Often times people get confused because conservatism and conservation share the same root, but seem to be opposites. This only occurs because the Left took over popular environmentalism long ago, converting it into a vehicle for “social justice,” at which point conservatives fled.
People forget what deep ecology means, which is to live within the order of nature. This does not mean mud huts, but only that we figure out how ecosystems work and how we can construct a human life within them without damaging them.
This does not mean that we will not partially displace them; obviously, any land we take for ourselves will no longer be a natural ecosystem. However, we can make our human structures more compatible with the needs and benefits of nature, as seen with the anti-lawn movement:
According to NASA, there are 40 million acres of turf grass in the United States — lawn, in a sense, is our largest crop. Individually we spend, according to the Bureau of Labor Statistics, 70 hours a year mowing our lawns; and as a nation, according to the Environmental Protection Agency, we pour 9 billion gallons of water daily on those lawns. Nevertheless, in the past two decades, according to the U.S. census, the average new home has grown 21 percent, even as the average parcel of land it sits on has shrunk 400 square feet.
In a 1989 New York Times Magazine essay about the lawn, journalist Michael Pollan, noting the zombielike cycle of refreshment granted by fertilizers and pesticides, wrote: “Lawns are nature purged of sex and death. No wonder Americans like them so much.”
Many on the deep ecology side point out that planting the space where your lawn would be with native plants allows that space to support local creatures and take part in the life cycle of your area. Of course, if you are on a busy street, you might not want to draw in local creatures.
In a broader sense however we are drawn to consider whether humans want to live in nature-like dwellings and places, or human-contra-nature places like glass and chrome boxes, suburban retreats, concrete and plastic condominiums, or even cities themselves.
This brings us to the primal question of our role with nature. Are we here to dominate it, coexist with it, or nurture it through some kind of enlightened stewardship? The latter takes work and therefore is unpopular, but we can fake it by buying EnergyStar appliances and quinoa.
While undoubtedly not all of us are fans of religion, perhaps we should consider this simple formula:
Genesis 1:9-13 And God said, “Let the waters under the sky be gathered together into one place, and let the dry land appear.” And it was so. God called the dry land Earth, and the waters that were gathered together he called Seas. And God saw that it was good. Then God said, “Let the earth put forth vegetation: plants yielding seed, and fruit trees of every kind on earth that bear fruit with the seed in it.” And it was so. The earth brought forth vegetation: plants yielding seed of every kind, and trees of every kind bearing fruit with the seed in it. And God saw that it was good. And there was evening and there was morning, the third day.
Genesis 1:20-23 And God said, “Let the waters bring forth swarms of living creatures, and let birds fly above the earth across the dome of the sky.” So God created the great sea monsters and every living creature that moves, of every kind, with which the waters swarm, and every winged bird of every kind. And God saw that it was good. God blessed them, saying, “Be fruitful and multiply and fill the waters in the seas, and let birds multiply on the earth.” And there was evening and there was morning, the fifth day.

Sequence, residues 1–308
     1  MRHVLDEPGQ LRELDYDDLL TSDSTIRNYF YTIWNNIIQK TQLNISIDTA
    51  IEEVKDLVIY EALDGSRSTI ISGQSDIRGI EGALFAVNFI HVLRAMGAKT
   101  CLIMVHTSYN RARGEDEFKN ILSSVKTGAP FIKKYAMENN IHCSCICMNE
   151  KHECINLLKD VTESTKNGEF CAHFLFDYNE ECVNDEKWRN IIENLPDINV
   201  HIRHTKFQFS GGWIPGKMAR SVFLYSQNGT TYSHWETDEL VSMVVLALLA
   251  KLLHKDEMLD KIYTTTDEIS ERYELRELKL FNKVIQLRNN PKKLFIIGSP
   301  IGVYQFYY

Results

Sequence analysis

Genesis 1:24-25 24 And God said, “Let the earth bring forth living creatures of every kind: cattle and creeping things and wild animals of the earth of every kind.” And it was so. God made the wild animals of the earth of every kind, and the cattle of every kind, and everything that creeps upon the ground of every kind. And God saw that it was good.
In a book about the battle between good and evil, it tells us that God sees nature as good. He enjoys creating its flora and fauna, and takes delight in its beauty. Then he passes on the word to the rest of us that what he has done is good, and that this is an archetype of good for us.
Later this is more thoroughly explained:
Psalm 19:1-4 The heavens are telling the glory of God; and the firmament proclaims his handiwork. Day to day pours forth speech, and night to night declares knowledge.
Night in this case serves as a metaphor for our subconscious, the order of Heaven, and the afterlife. In the day there is activity, and in a spiritual sense, we understand from that “knowledge,” or wisdom of what is real.
In this way, the Bible argues for an essential role for nature, and reminds us that nature is part of good, and that from this good, we must learn a process. Perhaps that life uses complexity to renew itself, and that nothing is ever lost, only going through a cycle between knowledge and speech.
This ties with what we know: In the beginning was the Word, and the Word was with God, and the Word was God (John 1:1). The world was created, and is part of God, and from this we can learn fundamental patterns — like Plato’s forms — that become our metaphysical knowledge.
Much as this seems vague, it makes a case for the necessity of nature for the growth of our souls, and for the divinity of nature in the eyes of God. In parallel, even atheist humans can ascertain that nature shows us how the order of the universe works, and is beautiful in its own right, therefore worth preserving.